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The Air Raid of Dresden

Page history last edited by PBworks 12 years, 4 months ago


The Air Raid of Dresden


           The air raid of Dresden, which took place on the night of February 13th and persisted through the early morning hours of February 14th, was the second worst bombing of a German city during the war. The amount of bombs dropped on Dresden did not compare to the amount dropped on other German cities. As a matter of fact Dresden did not even make the top twenty list of bombs dropped by the ton. The allied forces knew that the city’s' structures and composure were perfectly set for destruction. They used a method called "the fan" (Friedrich 310) which is a quarter of a circle. The people of Dresden had a twenty-five minute warning given by air raid sirens. What use are warnings and air raid sirens without bunkers or protective shelters of which Dresden had none. After these twenty-five minutes had passed the bombers began to spread out over the area of the fan and they dropped their bombs.

         

          The bombing caused an immense amount of fire, concussive blasts, and explosions. Normally the first bombs dropped were huge one to two ton bombs, called cookies, which blasted the roofs off of buildings and homes. The bombs following were four pound incendiary sticks which are more or less gigantic flares that spew fire. They landed in the homes which had their roofs blasted off and set the wooden buildings aflame. The fires started by the bigger bombs lit the incendiaries on fire. The closely woven together city of Dresden went up in flames. As the minutes passed the smaller fires found each other and grew until the majority of the city was engulfed in one huge fire. The firestorm covered three quarters of the city but according to the allies it only resulted in 12,000 deaths (Friedrich 313). The city had over six hundred thousand residents and had more than that in its company in refugees. This totals to over one million people. That’s roughly one percent of the population of Dresden at the time of the bombing. The numbers don’t make sense to me. After the initial bombing of Dresden by the RAF (Royal Air Force) the USAAF (United States of America Air Force) commenced their bombing around 1:15 in the morning of February 14th.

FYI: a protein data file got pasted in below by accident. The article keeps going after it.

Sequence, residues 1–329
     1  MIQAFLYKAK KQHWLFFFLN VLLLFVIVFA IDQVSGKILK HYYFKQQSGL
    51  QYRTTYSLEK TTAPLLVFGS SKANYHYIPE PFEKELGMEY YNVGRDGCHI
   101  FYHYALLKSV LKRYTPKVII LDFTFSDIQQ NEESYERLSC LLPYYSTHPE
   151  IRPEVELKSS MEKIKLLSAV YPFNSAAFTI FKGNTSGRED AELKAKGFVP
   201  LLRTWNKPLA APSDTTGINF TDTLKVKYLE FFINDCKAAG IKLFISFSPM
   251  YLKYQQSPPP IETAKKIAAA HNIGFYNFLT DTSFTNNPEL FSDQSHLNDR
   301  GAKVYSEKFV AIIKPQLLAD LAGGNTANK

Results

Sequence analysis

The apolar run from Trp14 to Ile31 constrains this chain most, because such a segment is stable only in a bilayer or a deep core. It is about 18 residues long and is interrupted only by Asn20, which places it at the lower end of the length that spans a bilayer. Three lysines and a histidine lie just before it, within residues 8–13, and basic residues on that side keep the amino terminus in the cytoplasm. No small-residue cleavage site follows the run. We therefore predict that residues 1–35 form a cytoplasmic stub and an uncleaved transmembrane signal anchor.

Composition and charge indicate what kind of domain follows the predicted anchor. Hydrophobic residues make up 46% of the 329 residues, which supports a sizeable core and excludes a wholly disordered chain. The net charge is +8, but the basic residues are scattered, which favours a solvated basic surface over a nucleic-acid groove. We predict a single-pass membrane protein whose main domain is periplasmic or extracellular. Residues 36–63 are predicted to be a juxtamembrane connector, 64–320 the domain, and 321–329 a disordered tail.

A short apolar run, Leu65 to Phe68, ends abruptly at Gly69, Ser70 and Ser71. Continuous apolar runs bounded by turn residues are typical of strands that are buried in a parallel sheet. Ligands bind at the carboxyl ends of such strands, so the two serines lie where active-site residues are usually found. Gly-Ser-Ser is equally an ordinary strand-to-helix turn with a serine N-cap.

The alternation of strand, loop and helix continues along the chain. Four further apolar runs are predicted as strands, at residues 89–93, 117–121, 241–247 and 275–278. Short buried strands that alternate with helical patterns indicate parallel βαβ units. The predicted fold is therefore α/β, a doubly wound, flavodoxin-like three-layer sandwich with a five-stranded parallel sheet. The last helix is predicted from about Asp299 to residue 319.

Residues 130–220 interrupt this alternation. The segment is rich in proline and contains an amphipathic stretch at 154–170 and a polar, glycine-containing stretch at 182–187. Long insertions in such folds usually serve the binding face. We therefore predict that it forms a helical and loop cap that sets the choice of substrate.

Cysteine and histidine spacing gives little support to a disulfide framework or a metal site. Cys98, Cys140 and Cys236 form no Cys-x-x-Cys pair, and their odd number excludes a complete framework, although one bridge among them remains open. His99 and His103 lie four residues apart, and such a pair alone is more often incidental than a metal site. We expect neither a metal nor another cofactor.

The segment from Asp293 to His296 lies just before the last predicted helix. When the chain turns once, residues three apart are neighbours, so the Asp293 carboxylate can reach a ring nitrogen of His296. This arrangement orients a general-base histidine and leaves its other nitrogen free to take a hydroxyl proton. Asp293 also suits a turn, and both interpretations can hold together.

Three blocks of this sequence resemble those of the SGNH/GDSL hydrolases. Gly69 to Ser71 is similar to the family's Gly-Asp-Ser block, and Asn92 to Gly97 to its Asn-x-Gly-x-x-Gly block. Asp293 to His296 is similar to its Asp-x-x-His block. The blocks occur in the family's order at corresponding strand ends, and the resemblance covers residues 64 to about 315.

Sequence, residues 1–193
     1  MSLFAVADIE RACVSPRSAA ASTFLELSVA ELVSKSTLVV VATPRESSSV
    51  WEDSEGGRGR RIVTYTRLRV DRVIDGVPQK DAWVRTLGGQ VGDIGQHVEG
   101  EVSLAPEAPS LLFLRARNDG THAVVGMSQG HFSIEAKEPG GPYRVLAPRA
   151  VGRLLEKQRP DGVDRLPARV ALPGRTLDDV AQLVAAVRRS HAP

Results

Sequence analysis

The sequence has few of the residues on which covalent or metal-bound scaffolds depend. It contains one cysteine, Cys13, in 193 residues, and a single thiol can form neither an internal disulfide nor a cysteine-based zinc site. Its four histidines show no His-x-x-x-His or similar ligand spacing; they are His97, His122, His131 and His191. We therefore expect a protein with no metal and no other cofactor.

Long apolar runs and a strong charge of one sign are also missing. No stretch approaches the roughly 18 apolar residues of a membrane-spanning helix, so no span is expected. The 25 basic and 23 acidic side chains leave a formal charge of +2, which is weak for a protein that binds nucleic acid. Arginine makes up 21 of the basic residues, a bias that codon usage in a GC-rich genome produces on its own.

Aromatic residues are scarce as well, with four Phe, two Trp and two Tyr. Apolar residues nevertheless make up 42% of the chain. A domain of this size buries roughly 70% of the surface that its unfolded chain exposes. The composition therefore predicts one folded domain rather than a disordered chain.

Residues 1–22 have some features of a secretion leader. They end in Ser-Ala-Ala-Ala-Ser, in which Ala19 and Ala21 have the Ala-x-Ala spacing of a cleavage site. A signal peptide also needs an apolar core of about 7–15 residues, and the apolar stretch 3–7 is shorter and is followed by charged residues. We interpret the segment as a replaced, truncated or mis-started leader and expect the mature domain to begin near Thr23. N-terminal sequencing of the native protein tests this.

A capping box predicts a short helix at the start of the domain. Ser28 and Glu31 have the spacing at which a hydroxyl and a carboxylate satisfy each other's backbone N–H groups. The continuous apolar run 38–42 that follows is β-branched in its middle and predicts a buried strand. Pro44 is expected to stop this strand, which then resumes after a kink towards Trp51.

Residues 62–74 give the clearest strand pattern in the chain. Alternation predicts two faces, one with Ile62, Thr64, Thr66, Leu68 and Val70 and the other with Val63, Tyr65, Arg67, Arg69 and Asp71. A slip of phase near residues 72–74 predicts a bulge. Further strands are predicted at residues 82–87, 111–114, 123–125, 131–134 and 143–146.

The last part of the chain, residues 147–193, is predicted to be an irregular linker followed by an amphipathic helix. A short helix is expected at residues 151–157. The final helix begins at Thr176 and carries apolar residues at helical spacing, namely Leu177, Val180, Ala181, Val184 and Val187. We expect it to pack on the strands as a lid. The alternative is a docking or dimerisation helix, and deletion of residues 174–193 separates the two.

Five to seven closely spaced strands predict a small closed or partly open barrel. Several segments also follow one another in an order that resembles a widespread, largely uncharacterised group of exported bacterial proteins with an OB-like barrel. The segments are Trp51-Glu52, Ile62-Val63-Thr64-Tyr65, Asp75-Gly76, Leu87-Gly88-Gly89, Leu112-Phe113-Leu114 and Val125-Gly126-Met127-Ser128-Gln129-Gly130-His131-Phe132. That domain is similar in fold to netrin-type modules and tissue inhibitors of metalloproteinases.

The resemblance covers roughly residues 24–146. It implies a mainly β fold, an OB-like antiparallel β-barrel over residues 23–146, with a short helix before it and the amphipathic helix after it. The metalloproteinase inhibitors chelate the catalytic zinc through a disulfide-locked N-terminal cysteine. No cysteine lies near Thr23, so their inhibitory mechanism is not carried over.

There was roughly a ninety minute gap between the completion of the RAF’s bombing campaign and the beginning of the USAAF’s campaign. The British and American Air forces came up with this form of attack because they assumed the survivors would be emerging from their cellars and many more lives would be lost (Friedrich 314). In total the deaths for Dresden are listed as between twenty-five and thirty thousand people. Many sources over the years have listed the total number of deaths in Dresden from twenty five thousand to over five hundred thousand. Many of these sources are said to be unreliable but German sources after the bombing said the death count was roughly around two hundred and twenty thousand. In all reality the total number of deaths is hard to tally because thousand of people were incinerated leaving no remains whatsoever.


Next Page: The Allies and Their Excuse for the Raid

 

 

 

  • Jorg. Friedrich. The Fire: The Bombing of Germany. New York: Columbia University Press, 2002.

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